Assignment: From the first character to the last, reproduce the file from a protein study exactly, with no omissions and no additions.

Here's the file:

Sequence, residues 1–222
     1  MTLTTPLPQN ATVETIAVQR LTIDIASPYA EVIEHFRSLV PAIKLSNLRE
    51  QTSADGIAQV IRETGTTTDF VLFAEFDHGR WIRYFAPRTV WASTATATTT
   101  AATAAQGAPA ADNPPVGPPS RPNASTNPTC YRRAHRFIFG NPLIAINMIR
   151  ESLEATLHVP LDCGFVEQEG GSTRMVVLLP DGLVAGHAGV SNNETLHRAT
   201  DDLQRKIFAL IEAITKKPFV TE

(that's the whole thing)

Sequence, residues 1–222
     1  MTLTTPLPQN ATVETIAVQR LTIDIASPYA EVIEHFRSLV PAIKLSNLRE
    51  QTSADGIAQV IRETGTTTDF VLFAEFDHGR WIRYFAPRTV WASTATATTT
   101  AATAAQGAPA ADNPPVGPPS RPNASTNPTC YRRAHRFIFG NPLIAINMIR
   151  ESLEATLHVP LDCGFVEQEG GSTRMVVLLP DGLVAGHAGV SNNETLHRAT
   201  DDLQRKIFAL IEAITKKPFV TE